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Dienstag, 23.10.2018
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The sudden retirement of its only family doctor in June has left the village of Apsley, Ont., searching for a new physician.

For residents of the community north of Peterborough, the nearest doctor is now a 100 to 120-kilometre round trip south to either the village of Lakefield or Peterborough. A challenging commute for many residents including Rachel Thuston, the mother of a two-year-old child.

“We’ve got to travel an hour all the way to Peterborough and my vehicle’s not on the road right now so it’s hard,” she said. “You have to get rides from friends.”

Longtime physician Dr. Wagy Rayes retired in June and the Peterborough Family Health Team has stepped in to help find a replacement.

“Certainly it’s more of a challenge to recruit to a rural community,” said executive director Lori Richey.

The team is working on alternatives such as a telemedicine service for the more than 1,000 patients in need.

We diligently created a plan to support the orphaned patients in Apsley while continuing to recruit a new family… https://t.co/L3RZkPbdxm — PtboFHT (@PtboFHT) November 24, 2017

“A nurse would see the patient and they would connect to that patient virtually via TV and their equipment is actually hooked up so the physician can see their blood pressure,” said Richey.

There’s currently a nurse practitioner in the village, but her duties are limited, said North Kawartha Township Deputy Mayor Doug Hutton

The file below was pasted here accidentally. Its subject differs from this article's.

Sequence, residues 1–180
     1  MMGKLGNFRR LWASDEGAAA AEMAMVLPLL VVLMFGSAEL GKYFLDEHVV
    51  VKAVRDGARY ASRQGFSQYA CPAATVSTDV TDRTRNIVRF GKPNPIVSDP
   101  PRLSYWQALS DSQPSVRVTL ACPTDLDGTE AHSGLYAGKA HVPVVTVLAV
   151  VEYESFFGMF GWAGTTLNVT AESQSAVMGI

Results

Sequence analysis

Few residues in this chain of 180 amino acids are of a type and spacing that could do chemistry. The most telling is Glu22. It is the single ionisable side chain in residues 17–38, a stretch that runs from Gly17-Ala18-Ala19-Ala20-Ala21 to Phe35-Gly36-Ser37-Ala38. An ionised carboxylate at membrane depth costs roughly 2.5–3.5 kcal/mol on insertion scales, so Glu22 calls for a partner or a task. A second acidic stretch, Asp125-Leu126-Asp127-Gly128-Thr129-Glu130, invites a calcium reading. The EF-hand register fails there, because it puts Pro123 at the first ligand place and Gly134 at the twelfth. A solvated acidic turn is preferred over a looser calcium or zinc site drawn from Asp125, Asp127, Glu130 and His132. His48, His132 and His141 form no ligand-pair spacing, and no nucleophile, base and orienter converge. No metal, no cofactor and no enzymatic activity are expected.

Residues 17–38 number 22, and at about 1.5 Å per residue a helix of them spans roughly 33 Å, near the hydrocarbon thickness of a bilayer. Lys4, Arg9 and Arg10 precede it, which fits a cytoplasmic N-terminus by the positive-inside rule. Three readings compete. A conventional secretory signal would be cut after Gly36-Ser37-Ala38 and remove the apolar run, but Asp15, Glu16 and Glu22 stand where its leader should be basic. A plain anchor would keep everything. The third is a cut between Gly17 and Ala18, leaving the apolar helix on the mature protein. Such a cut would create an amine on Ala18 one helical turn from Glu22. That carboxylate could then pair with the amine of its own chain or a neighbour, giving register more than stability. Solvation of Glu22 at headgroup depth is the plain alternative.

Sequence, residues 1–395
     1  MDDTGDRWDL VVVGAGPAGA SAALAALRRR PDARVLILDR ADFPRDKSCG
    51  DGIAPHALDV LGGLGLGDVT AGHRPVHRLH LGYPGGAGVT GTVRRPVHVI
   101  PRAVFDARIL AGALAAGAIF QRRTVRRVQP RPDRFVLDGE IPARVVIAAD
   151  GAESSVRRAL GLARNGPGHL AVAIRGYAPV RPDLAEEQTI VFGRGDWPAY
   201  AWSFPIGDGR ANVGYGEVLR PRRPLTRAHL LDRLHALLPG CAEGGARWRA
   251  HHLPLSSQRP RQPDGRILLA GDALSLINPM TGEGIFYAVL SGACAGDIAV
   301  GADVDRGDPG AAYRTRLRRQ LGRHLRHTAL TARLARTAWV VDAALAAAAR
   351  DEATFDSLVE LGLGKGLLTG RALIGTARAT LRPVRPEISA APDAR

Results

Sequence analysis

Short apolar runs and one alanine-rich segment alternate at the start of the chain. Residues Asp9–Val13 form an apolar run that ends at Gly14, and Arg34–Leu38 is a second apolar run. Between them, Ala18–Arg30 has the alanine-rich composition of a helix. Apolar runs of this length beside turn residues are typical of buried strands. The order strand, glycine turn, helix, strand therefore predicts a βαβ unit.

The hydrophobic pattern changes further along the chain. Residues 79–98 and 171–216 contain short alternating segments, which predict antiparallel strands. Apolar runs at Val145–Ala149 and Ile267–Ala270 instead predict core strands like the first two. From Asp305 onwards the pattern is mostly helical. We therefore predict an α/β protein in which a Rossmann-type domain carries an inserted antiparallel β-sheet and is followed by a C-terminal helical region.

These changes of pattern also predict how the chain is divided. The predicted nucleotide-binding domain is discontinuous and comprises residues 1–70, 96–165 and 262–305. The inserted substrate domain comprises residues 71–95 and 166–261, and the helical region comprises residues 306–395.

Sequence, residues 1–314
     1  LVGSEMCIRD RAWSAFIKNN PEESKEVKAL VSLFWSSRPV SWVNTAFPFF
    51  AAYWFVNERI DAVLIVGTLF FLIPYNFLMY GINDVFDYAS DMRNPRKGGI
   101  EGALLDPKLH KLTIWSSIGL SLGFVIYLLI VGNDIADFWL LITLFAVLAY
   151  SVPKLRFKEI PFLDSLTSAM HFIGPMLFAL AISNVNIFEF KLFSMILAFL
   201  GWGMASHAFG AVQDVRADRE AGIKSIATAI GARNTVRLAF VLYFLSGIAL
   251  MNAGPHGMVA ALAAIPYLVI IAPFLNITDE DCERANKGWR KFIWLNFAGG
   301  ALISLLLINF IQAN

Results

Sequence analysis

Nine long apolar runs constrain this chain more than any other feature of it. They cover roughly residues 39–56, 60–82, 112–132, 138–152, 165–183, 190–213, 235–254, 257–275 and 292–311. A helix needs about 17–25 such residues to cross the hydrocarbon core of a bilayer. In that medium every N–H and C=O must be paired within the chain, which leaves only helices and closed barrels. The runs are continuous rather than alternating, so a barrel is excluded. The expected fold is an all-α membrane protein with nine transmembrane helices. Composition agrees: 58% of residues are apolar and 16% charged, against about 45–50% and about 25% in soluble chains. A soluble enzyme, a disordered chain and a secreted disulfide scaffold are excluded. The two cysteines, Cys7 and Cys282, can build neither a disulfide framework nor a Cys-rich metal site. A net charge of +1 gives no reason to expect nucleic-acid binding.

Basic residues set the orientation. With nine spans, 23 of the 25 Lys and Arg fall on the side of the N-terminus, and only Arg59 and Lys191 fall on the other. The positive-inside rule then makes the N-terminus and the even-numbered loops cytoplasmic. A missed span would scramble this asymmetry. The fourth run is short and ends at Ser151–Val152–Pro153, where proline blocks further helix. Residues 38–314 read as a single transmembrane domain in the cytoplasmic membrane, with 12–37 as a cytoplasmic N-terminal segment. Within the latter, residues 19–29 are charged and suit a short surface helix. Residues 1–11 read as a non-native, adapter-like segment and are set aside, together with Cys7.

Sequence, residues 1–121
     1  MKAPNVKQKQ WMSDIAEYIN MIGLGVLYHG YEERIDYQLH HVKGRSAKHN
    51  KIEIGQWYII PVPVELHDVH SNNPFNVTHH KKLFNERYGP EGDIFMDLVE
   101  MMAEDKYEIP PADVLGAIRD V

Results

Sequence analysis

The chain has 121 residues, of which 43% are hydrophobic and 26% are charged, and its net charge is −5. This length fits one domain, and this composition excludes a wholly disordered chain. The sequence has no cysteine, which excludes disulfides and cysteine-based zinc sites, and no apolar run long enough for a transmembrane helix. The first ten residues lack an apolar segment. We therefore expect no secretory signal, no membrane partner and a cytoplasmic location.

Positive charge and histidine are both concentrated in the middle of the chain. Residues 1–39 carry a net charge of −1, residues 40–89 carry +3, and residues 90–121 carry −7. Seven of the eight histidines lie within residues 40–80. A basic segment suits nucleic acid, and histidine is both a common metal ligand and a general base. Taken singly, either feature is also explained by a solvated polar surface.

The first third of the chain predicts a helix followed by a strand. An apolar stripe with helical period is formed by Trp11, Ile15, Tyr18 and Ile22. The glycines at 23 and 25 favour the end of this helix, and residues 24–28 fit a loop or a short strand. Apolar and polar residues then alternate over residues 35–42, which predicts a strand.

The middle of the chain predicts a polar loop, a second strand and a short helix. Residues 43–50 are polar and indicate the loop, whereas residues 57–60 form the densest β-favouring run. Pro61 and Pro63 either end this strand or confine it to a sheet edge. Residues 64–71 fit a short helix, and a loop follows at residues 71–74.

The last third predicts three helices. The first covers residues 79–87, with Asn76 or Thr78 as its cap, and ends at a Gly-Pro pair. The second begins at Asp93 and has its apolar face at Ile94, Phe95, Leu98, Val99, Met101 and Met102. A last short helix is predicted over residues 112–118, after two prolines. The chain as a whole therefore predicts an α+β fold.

“We have no walk-in traffic ability at this point. We literally have to send people to Peterborough or Bancroft or possibly Lakefield,” he said. “A doctor is a key element of a health community in people’s minds.

Longtime Apsley resident Judy Morley says travel is challenging for seniors like herself. The community is also losing its only bank when RBC moves its branch to Lakefield next spring.

“If you have to travel some miles to go to a doctor and you’re in pain …or if you don’t have a car like a lot of people don’t here and they depend on others to drive them. It can really adversely affect you,” she said.

Hutton says financial incentives might eventually land a family doctor.

“There is a fund through the provincial government called a rural recruitment and retention fund,” said Richey. “And they would be eligible for up to $90,000 if they stayed in that community for four years.”


Autor(en)/Author(s): Greg Davis

Quelle/Source: Globalnews, 24.11.2017

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